How I ended up getting hosed on The Big Road Trip, even after checking my hoses

Rob Siegel

Last week, I wrote about preparing to drive my 1979 Euro BMW 635CSi 2000 miles round trip to The Vintage, the annual BMW gathering in Asheville, North Carolina. Turns out there’s more to the story.

As I wrote, I found a badly abraded fuel hose and two heater hoses that were as soft as raw sausages and ballooning almost comically over their clamps. I had lengths of new fuel hoses in both correct sizes, so I replaced every rubber fuel line near the fuel pump. The heater hoses, though, aren’t carried at big box stores, nor are they next-day-delivery on Amazon. In fact, they’re on backorder from the dealer. I found a pair of new old stock hoses on eBay, ordered them knowing they wouldn’t arrive in time, scrounged a pair of used BMW 2002 close-enough-to-make-them-work heater hoses from the spare hose bin in my garage, inspected them, found them to be firm and without cracks or tears (they were certainly better than the water balloons that were waiting to explode in the car), and wrestled their incorrect bends into position.

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The badly ballooned heater hoses, likely original to the car’s 220,000 miles, removed last week. Rob Siegel

As with replacing any coolant hose, I had to position a catch basin beneath the car to retain the coolant that poured out. This is often messy, as coolant sometimes bounces off other engine compartment components and misses the basin, but other than replacing a belt, this is about the simplest most straightforward repair you can perform on a car, and if you’re not willing to do it, you might as well turn in your DIY card.

Then, the night before leaving, I was hunting around in the garage for ignition spare parts, found a forgotten box of road spares for my 1970s six-cylinder BMWs, and was stunned to find inside it what appeared to be a pair of never-used heater hoses that fit the 635. Rather than immediately replacing the pair of used and kluged-into-fitting 2002 hoses with the never-used correct ones, I packed these NOS hoses as spares. It was an odd decision—driven, I suppose, by the number of things on my to-do list, as well as my not wanting to dump coolant again on the garage floor because my cats were out (antifreeze tastes sweet and is very poisonous to animals).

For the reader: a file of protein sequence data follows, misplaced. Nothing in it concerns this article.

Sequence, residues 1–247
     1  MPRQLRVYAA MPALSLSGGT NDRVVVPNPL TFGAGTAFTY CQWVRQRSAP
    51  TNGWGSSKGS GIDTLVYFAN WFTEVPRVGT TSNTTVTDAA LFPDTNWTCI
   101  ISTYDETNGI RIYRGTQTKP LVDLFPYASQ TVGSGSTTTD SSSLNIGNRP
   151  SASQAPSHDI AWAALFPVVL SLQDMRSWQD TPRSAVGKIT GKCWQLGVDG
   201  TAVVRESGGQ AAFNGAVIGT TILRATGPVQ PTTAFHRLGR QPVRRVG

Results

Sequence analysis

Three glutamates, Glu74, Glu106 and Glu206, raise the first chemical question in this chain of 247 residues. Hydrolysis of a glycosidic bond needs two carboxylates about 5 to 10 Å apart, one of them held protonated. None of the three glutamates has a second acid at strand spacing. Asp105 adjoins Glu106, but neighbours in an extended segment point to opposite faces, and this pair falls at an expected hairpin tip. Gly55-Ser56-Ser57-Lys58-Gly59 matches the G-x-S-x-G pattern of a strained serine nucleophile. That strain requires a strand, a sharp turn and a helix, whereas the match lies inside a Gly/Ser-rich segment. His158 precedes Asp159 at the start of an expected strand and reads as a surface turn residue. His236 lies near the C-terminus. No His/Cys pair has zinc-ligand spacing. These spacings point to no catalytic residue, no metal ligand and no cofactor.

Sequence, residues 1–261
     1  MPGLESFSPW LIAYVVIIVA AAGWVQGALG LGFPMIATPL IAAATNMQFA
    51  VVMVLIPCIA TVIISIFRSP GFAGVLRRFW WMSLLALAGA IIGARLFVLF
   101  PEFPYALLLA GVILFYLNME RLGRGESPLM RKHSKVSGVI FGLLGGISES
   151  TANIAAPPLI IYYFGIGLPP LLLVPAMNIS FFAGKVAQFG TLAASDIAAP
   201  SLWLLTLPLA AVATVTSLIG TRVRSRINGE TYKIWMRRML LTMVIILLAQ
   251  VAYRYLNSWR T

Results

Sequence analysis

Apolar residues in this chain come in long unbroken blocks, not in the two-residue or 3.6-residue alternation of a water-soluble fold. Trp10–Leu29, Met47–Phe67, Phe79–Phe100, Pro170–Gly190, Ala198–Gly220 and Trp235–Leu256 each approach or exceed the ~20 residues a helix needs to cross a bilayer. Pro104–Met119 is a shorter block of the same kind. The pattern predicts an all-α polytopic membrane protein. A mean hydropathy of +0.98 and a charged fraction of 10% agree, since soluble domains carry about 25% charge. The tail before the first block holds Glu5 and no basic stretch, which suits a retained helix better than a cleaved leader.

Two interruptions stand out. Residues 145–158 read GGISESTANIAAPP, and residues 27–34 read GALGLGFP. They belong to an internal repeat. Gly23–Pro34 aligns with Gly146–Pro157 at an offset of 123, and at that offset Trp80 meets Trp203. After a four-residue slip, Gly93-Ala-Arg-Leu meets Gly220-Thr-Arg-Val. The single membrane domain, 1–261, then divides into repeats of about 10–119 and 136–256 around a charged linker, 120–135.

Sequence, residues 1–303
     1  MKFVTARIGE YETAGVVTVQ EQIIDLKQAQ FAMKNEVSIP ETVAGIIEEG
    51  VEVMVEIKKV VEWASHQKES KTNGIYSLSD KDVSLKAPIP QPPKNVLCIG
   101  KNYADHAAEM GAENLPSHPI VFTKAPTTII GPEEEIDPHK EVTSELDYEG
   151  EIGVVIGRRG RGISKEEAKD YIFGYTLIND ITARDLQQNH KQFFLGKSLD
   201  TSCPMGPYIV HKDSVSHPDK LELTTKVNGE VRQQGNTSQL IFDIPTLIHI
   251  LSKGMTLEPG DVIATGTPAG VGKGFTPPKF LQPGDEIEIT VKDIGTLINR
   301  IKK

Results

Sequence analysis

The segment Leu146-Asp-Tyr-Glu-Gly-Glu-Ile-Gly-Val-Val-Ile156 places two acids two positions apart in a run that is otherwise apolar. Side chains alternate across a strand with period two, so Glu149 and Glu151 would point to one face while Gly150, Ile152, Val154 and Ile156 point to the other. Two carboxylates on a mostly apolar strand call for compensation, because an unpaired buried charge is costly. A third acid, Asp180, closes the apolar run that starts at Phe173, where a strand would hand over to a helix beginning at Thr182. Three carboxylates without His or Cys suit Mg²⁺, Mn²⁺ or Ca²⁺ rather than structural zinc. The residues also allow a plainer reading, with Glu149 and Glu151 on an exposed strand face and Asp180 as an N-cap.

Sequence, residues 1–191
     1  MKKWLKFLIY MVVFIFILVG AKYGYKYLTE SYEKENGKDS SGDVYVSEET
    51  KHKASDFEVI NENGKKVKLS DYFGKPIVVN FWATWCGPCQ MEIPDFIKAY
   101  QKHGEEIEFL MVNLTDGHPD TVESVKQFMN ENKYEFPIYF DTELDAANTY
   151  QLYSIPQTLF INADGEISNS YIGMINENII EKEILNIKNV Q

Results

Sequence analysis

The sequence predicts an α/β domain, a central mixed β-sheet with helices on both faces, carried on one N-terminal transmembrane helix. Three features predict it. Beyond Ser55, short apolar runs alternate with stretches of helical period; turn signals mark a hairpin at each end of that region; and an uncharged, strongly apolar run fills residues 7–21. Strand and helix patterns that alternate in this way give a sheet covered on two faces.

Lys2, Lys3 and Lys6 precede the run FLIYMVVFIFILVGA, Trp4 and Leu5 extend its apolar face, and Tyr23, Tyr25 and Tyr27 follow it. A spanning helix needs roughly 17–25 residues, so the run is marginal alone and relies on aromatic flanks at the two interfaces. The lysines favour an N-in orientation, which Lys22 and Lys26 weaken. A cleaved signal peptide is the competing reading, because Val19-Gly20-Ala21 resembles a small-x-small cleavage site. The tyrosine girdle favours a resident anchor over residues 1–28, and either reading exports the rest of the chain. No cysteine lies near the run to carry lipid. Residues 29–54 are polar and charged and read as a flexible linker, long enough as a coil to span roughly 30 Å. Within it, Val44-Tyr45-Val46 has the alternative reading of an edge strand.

Speaking of road spares for a moment, unless I’ve recently replaced a water pump, I’ll typically travel with a spare. But if you think it through, if you really want to be in a position to install that water pump if the car dies in the middle of nowhere, you also need a gasket, adhesive, two gallons of pre-mixed coolant, and a catch basin. I used to relish being a self-reliant lone wolf and thus would pack all those items for a long road trip, but the safety-in-numbers thing really can’t be beat. Bob Sawtelle and Jose Rosario, the two guys I was about to travel with to The Vintage, saved my bacon three years ago when, while driving this same car to The Vintage in 2018, the cooling fan shattered, and I needed to remove its broken remains to keep driving. This requires pulling the radiator.

I set up shop in a convenience store parking lot while they ran to the nearest auto parts store and returned with antifreeze and a catch pan. For several reasons, this event will always stick in my mind. First, it demonstrates that, even though people like to run with me because I can fix cars by the side of the road, I am, in fact, just as likely to be the recipient of help as I am the giver of it. Second, it shows how, if you’re running with other people, you have options. You don’t need to travel with every part and every tool you might conceivably need (although for this trip, I did pack a gallon of antifreeze).